“Way back it was kind of a secret how to tie flies,” Wilson said. “People wouldn’t just tell you.”
Wilson earned his stripes filling orders for Coffee, who sold to distributors in East Tennessee and Asheville. He remembers tying his first dozen and looking on nervously as Coffee went over each fly with his magnifying glass.
“I reckon I could use these,” Coffee had said.
Since then, Wilson has tied thousands of dozens of flies and is still the primary local source for the Coffee Stone Nymph — or sometimes referred locally as the “Dayco Nymph” in reference to the rubber factory in Waynesville where the materials for the fly originated.
“Rex won’t tell you this, but he is a master fly tier,” said Mann.
Mitchell, now 56, grew up in Hazelwood. He first went fly fishing on the West Fork of the Pigeon River as a 7-year-old with his uncle and has been fishing for everything from large and smallmouth bass to wild trout since then.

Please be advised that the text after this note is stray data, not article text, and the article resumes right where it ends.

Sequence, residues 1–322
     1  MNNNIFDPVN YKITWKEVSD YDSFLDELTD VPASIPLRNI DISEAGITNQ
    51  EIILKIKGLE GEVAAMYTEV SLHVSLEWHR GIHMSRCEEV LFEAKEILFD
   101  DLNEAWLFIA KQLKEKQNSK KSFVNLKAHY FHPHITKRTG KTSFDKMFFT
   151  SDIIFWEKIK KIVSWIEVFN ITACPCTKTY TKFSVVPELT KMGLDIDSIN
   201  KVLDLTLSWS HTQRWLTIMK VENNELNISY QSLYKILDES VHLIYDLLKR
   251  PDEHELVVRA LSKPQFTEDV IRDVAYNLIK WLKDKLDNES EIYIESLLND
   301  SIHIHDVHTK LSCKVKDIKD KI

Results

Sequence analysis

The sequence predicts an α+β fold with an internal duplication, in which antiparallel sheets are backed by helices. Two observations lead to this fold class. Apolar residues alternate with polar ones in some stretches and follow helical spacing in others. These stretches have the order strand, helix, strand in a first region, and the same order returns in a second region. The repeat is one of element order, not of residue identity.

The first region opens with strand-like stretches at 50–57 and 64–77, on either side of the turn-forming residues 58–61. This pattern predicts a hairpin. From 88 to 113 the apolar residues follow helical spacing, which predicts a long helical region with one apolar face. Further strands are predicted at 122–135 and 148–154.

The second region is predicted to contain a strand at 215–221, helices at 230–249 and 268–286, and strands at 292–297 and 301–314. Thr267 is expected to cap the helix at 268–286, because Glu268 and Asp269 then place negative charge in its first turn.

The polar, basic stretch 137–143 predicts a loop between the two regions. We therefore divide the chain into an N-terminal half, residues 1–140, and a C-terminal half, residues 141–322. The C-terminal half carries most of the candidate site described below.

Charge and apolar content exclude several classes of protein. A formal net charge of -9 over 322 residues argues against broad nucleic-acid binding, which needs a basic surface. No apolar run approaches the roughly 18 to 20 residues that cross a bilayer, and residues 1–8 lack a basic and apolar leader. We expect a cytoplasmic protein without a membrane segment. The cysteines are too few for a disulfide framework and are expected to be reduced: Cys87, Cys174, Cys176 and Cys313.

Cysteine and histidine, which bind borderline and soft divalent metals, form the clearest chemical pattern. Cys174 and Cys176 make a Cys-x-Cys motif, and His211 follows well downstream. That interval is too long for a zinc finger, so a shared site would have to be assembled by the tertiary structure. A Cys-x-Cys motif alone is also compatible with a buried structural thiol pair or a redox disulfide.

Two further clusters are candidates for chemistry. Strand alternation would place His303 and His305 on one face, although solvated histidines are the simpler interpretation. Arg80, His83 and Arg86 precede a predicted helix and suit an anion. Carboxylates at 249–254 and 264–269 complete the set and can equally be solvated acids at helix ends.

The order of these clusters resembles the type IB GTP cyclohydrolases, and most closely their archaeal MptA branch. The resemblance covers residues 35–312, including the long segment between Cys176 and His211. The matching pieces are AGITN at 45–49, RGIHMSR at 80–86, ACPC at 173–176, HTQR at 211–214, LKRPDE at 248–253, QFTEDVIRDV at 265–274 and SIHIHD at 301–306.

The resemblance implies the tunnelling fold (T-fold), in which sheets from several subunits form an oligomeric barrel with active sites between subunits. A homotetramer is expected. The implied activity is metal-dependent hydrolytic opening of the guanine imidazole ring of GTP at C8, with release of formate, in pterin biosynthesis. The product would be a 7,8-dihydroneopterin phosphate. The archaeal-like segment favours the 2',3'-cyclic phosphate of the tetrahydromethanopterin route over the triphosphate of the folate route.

Mitchell ran guided trips for the shop’s previous owner, Matt Rosenthal, and was a regular at Roger Lowe’s fly shop in Waynesville before that. Lowe raised the bar for the fly fishing industry in Western North Carolina and served as an important generational link in the chain of mountain fly tying traditions.
Mitchell got hooked on tying flies at Tuscola High School, where his biology teacher Pat Powell initiated him to the mysteries of the art.
“My biology teacher was a fly fisherman and a fly tier, and I asked him to show me,” Mitchell said. “I might have flunked biology, but I passed fly tying.”
For Mitchell, being a mountain fisherman is about upholding a code and refining a skill that takes a lifetime to perfect.
“True mountain fisherman are so good with a dry fly, they can catch anything, but these are humble people,” Mitchell said. “They don’t go around telling people everything they know.”